Dyslexia refers specifically to decoding difficulty, but includes difficulty caused by two distinct disorders in brain processing: phonological and orthographic processing disorders (see definition below). It is estimated that 85% of children who experience reading difficulty have a phonological processing disorder.
Phonological processing disorder and orthographic processing disorder refer to the particular brain processes at work in people who experience difficulty when they read. An individual who has a phonological processing disorder will have difficulty perceiving and manipulating the phonemes that would enable them to “hear” the sounds of the words they read.*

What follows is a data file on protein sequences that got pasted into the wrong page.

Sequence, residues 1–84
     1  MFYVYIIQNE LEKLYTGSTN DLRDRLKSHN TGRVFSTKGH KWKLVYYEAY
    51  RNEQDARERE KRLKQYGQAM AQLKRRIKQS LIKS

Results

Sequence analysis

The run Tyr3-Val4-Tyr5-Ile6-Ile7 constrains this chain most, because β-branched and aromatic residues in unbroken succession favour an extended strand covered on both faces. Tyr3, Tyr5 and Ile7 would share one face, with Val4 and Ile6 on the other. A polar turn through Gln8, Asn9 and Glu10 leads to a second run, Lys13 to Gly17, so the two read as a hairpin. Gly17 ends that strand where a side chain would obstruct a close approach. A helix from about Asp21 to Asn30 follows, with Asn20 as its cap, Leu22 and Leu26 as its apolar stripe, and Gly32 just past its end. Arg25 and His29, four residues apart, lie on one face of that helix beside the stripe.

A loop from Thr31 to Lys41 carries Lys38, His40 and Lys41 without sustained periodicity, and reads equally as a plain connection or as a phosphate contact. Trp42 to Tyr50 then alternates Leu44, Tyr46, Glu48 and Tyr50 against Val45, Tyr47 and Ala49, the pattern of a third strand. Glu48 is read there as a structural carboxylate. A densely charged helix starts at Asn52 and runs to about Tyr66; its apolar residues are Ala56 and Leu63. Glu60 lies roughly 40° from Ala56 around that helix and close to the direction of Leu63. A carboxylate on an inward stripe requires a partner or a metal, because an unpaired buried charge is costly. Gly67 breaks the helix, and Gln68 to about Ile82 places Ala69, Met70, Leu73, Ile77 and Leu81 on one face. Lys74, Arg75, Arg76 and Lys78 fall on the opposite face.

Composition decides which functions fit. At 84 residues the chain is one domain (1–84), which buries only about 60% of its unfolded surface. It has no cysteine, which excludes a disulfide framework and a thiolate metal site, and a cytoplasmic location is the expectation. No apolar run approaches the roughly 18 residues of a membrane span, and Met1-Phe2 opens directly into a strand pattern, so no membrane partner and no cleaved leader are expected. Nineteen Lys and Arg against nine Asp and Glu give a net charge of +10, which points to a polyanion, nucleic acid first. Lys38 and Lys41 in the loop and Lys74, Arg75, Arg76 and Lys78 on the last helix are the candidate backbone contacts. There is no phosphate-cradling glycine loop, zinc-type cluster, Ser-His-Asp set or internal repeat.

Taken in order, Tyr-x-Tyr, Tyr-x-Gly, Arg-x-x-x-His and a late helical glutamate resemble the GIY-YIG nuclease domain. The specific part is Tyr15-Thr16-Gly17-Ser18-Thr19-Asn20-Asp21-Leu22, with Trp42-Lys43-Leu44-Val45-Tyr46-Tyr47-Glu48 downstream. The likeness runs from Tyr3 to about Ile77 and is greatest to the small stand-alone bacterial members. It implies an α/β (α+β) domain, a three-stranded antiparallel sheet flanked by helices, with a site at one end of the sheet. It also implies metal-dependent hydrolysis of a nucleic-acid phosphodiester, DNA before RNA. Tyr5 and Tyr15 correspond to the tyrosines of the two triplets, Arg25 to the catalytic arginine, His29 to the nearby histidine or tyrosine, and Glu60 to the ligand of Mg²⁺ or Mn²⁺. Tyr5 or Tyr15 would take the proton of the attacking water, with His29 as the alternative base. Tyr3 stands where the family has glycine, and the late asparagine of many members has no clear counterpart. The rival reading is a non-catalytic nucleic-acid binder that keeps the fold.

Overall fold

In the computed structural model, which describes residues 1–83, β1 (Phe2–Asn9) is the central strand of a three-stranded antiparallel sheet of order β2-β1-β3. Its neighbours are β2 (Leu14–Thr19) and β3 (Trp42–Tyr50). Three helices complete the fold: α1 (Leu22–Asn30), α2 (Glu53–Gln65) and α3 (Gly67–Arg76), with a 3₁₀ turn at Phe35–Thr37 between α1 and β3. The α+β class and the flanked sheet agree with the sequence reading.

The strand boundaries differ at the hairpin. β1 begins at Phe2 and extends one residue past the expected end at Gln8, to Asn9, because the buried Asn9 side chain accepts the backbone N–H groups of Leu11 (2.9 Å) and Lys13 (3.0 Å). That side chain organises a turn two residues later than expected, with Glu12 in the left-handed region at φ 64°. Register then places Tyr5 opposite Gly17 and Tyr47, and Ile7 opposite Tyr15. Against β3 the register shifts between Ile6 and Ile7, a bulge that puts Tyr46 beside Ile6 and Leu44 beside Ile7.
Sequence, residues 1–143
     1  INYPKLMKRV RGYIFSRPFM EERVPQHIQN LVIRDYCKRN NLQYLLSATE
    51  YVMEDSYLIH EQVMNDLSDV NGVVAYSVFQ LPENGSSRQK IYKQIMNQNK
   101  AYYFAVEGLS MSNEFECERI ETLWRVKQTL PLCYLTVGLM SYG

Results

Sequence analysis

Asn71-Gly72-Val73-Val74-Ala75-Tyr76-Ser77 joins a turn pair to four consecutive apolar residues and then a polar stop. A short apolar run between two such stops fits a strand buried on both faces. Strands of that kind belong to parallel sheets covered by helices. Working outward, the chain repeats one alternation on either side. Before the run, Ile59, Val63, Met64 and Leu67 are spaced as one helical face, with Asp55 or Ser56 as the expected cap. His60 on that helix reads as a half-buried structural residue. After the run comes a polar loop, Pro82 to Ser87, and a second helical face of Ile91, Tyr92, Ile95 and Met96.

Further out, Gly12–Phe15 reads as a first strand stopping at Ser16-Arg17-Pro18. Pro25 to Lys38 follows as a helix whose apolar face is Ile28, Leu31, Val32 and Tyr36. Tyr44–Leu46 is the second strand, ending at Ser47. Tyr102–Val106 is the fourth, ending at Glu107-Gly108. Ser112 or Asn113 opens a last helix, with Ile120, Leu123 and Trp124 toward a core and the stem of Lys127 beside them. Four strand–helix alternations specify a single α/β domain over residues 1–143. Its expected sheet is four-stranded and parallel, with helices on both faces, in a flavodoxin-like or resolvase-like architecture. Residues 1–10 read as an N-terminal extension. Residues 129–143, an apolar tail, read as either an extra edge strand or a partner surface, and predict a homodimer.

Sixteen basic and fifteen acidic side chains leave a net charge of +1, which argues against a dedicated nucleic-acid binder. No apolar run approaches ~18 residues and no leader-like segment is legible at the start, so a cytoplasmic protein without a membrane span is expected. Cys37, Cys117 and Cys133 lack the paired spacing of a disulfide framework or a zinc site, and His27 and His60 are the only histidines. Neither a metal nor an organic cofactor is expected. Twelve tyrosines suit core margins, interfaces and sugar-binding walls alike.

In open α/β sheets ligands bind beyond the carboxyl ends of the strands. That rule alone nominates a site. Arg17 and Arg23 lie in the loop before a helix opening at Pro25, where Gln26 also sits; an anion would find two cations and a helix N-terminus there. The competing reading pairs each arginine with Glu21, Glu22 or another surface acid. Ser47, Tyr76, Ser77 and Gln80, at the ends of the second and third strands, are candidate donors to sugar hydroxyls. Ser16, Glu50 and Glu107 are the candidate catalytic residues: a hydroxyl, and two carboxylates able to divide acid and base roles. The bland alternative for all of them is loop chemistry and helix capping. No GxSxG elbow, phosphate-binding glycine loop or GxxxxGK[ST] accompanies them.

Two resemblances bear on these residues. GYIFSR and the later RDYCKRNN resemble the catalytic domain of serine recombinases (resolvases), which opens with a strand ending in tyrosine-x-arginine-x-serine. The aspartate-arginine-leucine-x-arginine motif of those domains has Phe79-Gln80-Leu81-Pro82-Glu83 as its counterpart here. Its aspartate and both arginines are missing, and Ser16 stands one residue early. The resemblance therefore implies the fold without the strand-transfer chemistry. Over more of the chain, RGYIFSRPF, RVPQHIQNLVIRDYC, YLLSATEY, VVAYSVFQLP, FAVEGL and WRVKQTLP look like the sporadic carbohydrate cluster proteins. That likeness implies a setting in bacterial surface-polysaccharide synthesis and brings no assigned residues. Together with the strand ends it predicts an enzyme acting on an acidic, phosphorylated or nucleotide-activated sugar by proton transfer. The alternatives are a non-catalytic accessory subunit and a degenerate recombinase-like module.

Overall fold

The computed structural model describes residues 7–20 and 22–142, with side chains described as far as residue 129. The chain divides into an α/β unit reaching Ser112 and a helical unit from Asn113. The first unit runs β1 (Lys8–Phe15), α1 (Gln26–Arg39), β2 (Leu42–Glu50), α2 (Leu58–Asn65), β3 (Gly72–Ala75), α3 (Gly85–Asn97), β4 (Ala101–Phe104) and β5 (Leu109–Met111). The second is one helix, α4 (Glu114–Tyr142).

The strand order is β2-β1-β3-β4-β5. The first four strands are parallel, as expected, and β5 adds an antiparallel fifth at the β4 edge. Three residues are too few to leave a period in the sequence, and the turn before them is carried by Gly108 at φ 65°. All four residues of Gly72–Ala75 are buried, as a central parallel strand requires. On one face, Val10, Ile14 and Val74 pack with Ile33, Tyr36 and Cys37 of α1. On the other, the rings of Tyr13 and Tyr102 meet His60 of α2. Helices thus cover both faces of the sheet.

Orthographic processing involves recognizing and remembering the spatial orientation and sequence of language symbols. When individuals with orthographic processing disorders attempt to read, their brains have trouble perceiving and/or processing the direction and sequence of written language.
* Shaywitz, S. (2003) Overcoming Dyslexia: A new and complete science-based program for reading problems at any level. New York: Knopf.